Quite often when counseling clients we must stress the importance of documenting things in writing. One of the planning contexts where that is crucial is in the area of Medicaid eligibility. Specifically, while it usually fairly straightforward to present sufficient evidence that the amount of a claimant’s countable assets are low enough to qualify, it can be much trickier to avoid stumbling blocks based on the claimant’s financial actions in the 60 months preceding their claim. A 2015 case from Michigan is an example of well-meaning family members trying to do the right thing to help grandma but inadvertently doing it in the wrong way. See Jensen v. Department of Human Services, No. 319098, MI Ct. App., Feb. 19, 2015.
In brief, a Medicaid claimant must prove that they did not gift any amount of their assets during that so-called “look back period.” A gift is a transfer for which the individual did not receive fair market value back in return. If it is determined that the Medicaid claimant did make such a transfer, the Medicaid authorities will apply a penalty which is a period of time before which benefits will be paid, calculated according to the gifted amount. Many seniors need assistance with taking care of their activities of daily living and if it is done the right way, a non-spouse family member or other third party can be paid to provide care and other services to the senior via a formal contract, termed a Care Agreement or a Care Contract. Such an agreement is generally permissible under the Medicaid rules subject to certain procedural requirements, the most basic of which is the Care Contract must be in place before services are provided and it must be in writing.
Betty Jensen was an elderly woman living by herself until May 2011, when her dementia progressed to the point where assistance for her was needed. At that point her grandson Jason Jensen hired a non-relative, Teresa Alexander, to start providing care to Betty. That non-relative was hired on the basis of an informal agreement with nothing put in writing. Jason paid Alexander a total of approximately $19,000 for her services. By March 2012 Betty’s condition had deteriorated further and she entered a nursing home. At that time, Betty and Jason entered a written contract for her to reimburse Jason some $1,400 in mileage he had accumulated while taking care of Betty over the last year. Betty also made a gift to Jason in the amount of $28,128.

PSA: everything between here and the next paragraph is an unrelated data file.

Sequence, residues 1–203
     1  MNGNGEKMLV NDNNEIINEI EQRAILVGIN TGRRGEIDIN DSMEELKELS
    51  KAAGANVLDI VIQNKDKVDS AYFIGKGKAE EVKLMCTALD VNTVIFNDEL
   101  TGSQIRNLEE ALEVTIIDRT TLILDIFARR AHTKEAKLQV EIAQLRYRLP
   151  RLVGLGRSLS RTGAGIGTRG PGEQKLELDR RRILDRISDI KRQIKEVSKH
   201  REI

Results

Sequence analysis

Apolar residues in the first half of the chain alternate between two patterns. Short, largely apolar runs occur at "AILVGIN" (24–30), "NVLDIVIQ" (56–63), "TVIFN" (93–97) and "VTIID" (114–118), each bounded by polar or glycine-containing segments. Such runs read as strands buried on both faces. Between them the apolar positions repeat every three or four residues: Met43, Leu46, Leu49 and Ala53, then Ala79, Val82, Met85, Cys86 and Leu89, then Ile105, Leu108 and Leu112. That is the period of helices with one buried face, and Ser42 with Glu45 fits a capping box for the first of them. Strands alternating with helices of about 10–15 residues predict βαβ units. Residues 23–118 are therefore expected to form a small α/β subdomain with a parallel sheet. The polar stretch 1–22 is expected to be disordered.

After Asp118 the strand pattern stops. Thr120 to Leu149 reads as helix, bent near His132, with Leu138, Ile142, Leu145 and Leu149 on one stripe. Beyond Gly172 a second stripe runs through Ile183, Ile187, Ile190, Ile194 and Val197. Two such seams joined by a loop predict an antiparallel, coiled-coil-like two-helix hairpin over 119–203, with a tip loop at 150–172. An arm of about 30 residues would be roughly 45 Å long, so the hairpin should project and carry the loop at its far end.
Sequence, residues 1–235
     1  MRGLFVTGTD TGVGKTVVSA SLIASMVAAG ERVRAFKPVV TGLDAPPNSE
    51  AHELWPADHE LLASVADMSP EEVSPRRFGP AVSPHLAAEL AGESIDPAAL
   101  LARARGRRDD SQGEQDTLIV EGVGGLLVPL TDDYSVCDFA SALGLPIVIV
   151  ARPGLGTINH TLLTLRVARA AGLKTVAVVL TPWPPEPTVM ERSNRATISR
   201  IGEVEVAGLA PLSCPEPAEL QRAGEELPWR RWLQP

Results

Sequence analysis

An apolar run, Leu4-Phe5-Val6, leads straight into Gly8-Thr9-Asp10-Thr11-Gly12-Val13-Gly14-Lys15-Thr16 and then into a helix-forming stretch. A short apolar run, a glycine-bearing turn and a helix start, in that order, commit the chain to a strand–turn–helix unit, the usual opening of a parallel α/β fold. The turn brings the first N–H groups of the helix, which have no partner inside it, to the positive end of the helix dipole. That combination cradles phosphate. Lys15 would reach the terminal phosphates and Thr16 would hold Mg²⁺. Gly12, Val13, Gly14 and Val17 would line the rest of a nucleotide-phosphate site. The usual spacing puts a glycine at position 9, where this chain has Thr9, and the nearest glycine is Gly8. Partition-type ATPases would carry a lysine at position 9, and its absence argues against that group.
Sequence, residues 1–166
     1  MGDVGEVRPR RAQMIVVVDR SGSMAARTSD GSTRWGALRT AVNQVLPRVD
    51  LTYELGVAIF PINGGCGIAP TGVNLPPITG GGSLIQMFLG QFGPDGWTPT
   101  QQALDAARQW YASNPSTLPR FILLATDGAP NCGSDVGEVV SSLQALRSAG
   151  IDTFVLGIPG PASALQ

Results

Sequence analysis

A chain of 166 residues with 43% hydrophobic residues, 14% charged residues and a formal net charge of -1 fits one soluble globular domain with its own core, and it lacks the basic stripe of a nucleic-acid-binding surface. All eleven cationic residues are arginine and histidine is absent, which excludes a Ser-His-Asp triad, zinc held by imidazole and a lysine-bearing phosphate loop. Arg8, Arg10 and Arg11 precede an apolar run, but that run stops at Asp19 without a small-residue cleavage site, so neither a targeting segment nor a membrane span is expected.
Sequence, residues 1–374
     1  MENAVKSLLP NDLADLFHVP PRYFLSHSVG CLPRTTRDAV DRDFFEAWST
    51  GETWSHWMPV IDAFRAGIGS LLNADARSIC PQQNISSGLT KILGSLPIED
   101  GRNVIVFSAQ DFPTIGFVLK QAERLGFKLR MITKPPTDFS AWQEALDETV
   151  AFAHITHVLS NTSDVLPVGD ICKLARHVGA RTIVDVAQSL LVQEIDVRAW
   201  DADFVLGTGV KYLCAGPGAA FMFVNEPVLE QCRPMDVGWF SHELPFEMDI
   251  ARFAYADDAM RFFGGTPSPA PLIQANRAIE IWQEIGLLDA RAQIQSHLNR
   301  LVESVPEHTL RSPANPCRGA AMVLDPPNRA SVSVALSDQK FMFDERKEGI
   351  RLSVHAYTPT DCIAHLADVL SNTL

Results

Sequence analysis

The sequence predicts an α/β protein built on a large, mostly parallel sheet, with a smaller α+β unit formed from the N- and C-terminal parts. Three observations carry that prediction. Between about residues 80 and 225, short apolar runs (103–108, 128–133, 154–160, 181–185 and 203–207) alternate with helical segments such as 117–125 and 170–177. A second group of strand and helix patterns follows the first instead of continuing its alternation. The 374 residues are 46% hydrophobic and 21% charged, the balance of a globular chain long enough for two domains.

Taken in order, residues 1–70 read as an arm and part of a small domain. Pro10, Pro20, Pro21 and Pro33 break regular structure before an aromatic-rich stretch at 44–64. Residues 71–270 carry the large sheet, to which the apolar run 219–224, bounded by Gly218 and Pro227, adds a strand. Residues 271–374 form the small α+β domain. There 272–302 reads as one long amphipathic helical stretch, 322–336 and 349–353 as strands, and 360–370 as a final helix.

When the Michigan Medicaid authorities evaluated Betty’s claim, they determined that all three of the payments referenced above should be treated as gifts for which a benefit penalty period of 7 months and 2 days would be imposed. Betty died in the nursing home before benefit payments commenced. On appeal, Jason conceded that the direct gift to him was properly penalized. However, he argued that the mileage reimbursement payment to him and the payments to the third-party caregiver Alexander should not have been treated as gifts.
In delivering its decision, the Court recited portions of Michigan’s Medicaid rules which provide in pertinent part that payments to caregivers should be treated as gifts unless the payments are made where “[t]he services must be performed after a written legal contract/agreement has been executed between the client and provider.” Based on a straightforward reading of the clear wording of the provision, the Court rejected Jason’s argument on both counts. While the Court seemed somewhat sympathetic to Jason’s plight, noting in a footnote that it does not think Alexander’s services were unnecessary or that she was overpaid. Similarly, the Court took note that the mileage reimbursement took place after the fact.
So could the Jensen family have avoided the penalty as to the $19,000 paid to Alexander and the $1,400 paid to Jason? Yes! The Court quite deliberately stated that there was nothing wrong about the payments in and of themselves and that the Medicaid eligibility rules would have been properly adhered to if only there were written agreements in place before Alexander and Jason respectively provided care services to Betty.
Interestingly, the Connecticut Department of Social Services Uniform Policy Manual, which is its “rule book” for adjudicating Medicaid eligibility, does not require such an agreement to be in writing. However, we nonetheless strongly urge that all care agreements in Connecticut be in writing. Why? Remember the presumption is that a transfer is a gift unless there is sufficient proof presented otherwise. It would be extremely difficult to prove the existence of an oral care contract and to confirm the precise terms of that agreement. So always put it in writing!
Please call us at 860-769-6938 if you have any questions about the issues presented above or if you care to discuss any other planning issues with us.